That's where "Immanuel" comes in. As you know, "Immanuel" means "God with us". (Don't worry about the spelling; remember that there were no vowels in written Hebrew. Emmanuel and Immanuel are the same word.) We get a warm fuzzy when we think about its Nativity/Jesus context. But here, it has a tougher meaning:
When we see this child, who was born in the royal court, eating wild curds and honey to survive, we will know that God has visited us. God has brought His judgment on us in the form of these invading and destroying armies. And yet, we're still alive, and we are surviving on the blessings of the land God gave us, and so we will know that God is still with us.
So, who was this child? A lot of scholars point to Isaiah's mention of his own newborn child in 8:3 as the initial fulfillment of this prophecy. Why else would God make such a big deal about this birth and have it happen right after the prophecy in chapter 7? In 8:3, Isaiah's wife is called a "prophetess". But remember that the Jewish tradition is that Isaiah was related to Ahaz, so it's possible (likely?) that his wife spent time in the court. She absolutely could have been present when Isaiah gave the prophecy to Ahaz.
In Isaiah 8:3, they named their son Maher-Shalal-Hash-Baz. (Remember, he can have a name and still be called "Immanuel", just as Jesus was named Jesus.) That name can basically be translated "Quick to the plunder, swift to the spoil". In other words, destruction is coming quickly. That lines up quite well with the negative aspect of judgment in the prophecy in our passage.
So, how would that "initial fulfillment" work? Isaiah gave this prophecy to Ahaz, probably somewhere around 734 BC. The next thing mentioned in Isaiah is his child in 8:3, so let's say the child was born in 733 BC. Well, Assyria conquered both Israel and Syria/Aram in 732 BC. Further, Assyria destroyed Israel in 722 BC. Almost any way you look at this prophecy, it is completely fulfilled in Isaiah's son -- before he is old enough to know right from wrong, Israel has been destroyed and the land of Judah has been laid waste.
But again, as I said above, Matthew applies this prophecy to Jesus. Therefore it applies to Jesus. But the meaning and import is quite different. Whereas to Ahaz the emphasis would have been on the timeframe, to Matthew the emphasis was on the circumstances. God's people had lost faith and belief in Him, and so He was going to give them a sign -- a sign just like the one He gave to Ahaz. Except this time
The word "virgin" would be taken to its ultimate, miraculous meaning. That's why Isaiah used the generic word for a "young woman" which could also mean "virgin" -- it allows for the prophecy to have a deeper, even double, meaning. Isaiah's wife could have conceived in the "normal" way, and Mary could have conceived in the miraculous way, and both would fulfill the prophecy.
The name "Immanuel" would be taken to its ultimate, miraculous meaning: literally God with us. In Ahaz's day, Isaiah's son would be the constant reminder that God had visited them with judgment but also with mercy. But Jesus would actually be God with us.
What about the rest of the prophecy, about the "before he knows right from wrong" part? Well, that no longer applies. Those things have happened and are now a reminder rather than forecast. Israel was destroyed because of their rejection of God. Similarly, anyone who rejects God (in Jesus) after Jesus' mission has been revealed will also be destroyed.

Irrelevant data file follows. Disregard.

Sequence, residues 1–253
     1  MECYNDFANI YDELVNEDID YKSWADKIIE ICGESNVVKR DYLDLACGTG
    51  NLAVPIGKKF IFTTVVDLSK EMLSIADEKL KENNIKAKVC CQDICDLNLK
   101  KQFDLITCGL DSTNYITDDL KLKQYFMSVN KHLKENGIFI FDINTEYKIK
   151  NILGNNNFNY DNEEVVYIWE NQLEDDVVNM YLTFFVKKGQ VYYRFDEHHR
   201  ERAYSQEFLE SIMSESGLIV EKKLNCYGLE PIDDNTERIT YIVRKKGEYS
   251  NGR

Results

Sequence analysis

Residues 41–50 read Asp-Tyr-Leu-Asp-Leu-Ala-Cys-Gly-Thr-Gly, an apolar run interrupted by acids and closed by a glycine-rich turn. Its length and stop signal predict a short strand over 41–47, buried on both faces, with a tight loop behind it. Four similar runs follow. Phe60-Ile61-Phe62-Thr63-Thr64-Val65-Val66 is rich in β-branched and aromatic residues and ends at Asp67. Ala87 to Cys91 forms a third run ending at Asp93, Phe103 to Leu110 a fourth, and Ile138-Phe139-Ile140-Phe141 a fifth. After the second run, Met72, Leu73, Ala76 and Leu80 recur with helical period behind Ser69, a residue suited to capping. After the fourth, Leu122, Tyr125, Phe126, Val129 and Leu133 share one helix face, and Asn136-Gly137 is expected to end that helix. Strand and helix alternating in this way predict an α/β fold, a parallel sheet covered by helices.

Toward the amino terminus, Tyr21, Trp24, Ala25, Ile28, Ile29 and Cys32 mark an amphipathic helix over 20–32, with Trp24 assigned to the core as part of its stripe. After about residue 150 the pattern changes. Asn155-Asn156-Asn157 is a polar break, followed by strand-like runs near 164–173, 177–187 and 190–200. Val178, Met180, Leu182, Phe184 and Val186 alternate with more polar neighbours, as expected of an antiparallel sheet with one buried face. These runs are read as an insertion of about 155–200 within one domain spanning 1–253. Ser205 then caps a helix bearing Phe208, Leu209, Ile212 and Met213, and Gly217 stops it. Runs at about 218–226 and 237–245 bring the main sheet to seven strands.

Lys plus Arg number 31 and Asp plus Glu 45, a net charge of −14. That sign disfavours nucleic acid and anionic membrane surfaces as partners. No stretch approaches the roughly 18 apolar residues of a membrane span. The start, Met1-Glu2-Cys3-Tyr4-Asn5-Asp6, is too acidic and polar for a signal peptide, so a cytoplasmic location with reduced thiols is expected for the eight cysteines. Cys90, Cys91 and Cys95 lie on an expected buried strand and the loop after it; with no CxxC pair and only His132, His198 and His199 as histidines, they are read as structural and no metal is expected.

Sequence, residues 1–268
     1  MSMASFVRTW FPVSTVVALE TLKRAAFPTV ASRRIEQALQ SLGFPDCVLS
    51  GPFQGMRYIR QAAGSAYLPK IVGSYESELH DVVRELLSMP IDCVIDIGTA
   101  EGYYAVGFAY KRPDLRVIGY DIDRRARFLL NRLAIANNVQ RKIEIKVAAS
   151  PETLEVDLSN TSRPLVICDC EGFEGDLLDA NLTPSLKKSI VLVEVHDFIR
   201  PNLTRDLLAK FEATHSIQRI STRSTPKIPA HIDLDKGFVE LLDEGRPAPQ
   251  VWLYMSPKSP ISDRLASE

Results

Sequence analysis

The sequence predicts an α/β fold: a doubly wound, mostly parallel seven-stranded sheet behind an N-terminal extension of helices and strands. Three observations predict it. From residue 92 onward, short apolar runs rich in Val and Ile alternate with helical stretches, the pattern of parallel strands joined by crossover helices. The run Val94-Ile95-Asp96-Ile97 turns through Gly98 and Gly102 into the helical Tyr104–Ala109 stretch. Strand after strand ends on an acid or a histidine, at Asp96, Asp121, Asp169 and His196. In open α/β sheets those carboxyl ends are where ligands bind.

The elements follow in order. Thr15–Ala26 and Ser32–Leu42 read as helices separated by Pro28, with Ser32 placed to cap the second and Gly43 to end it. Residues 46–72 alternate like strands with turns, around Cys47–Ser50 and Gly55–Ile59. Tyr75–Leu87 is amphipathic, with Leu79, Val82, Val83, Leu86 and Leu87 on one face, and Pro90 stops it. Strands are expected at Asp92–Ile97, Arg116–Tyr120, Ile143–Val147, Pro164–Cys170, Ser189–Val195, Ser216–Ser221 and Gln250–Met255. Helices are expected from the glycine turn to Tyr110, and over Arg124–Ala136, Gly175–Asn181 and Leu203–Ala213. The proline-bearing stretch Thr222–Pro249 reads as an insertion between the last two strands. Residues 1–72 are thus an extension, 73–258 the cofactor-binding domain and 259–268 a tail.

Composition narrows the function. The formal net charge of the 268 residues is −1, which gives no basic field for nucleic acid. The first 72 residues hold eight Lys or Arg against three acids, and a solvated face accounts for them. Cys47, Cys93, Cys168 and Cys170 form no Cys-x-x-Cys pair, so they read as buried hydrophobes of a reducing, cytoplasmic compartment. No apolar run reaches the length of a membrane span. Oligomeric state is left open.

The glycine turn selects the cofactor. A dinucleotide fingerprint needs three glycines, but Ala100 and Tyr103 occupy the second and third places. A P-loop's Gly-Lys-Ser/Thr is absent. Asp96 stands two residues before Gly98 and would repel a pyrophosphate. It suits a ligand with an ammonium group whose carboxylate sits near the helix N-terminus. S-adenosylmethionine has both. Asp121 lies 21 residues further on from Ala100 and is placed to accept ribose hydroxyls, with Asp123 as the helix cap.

I believe very strongly in the "dual fulfillment" approach to prophecy. Every prophecy in the Old Testament meant something to its initial audience. But God could have intended an additional meaning to people who would read it hundreds of years later. Those meanings are usually spelled out in the New Testament. (Think of how Jesus gave and then explained parables; it's kind of like that.)
Part 4: God Judges (Isaiah 7:16-17)
16 For before the boy knows to reject what is bad and choose what is good, the land of the two kings you dread will be abandoned. 17 The Lord will bring on you, your people, and your father’s house such a time as has never been since Ephraim separated from Judah: He will bring the king of Assyria.”
We've basically covered all of this already. Before the child in the prophecy reaches a certain age, these two kings you're so worried about will be dead and their land abandoned. (Which is what happened -- in about 2 or 3 years from the giving of the prophecy.)
But at that point, King Ahaz, you will have a new king to worry about -- the king of Assyria.
Somewhere in this quarter I'll give a history lesson on Assyria, the first nation to use "terror" as a diplomatic strategy. The things they did to the people they conquered are legendarily horrifying. And Ahaz willingly brought this upon his own people.
The application of this passage as it most directly pertains to us is in Jesus. Those things in ancient Judah happened. We can see the choices Ahaz made, and we already know the outcome. But our own lives are still known only by God. He has also made a promise to us -- trust Me and follow Me and I will be with you to overcome your enemies. The "sign" is Jesus, God with us, the Author and Perfecter of our faith.
Have we trusted in Jesus for salvation?
Are we following Jesus daily, trusting Him with our day-to-day lives?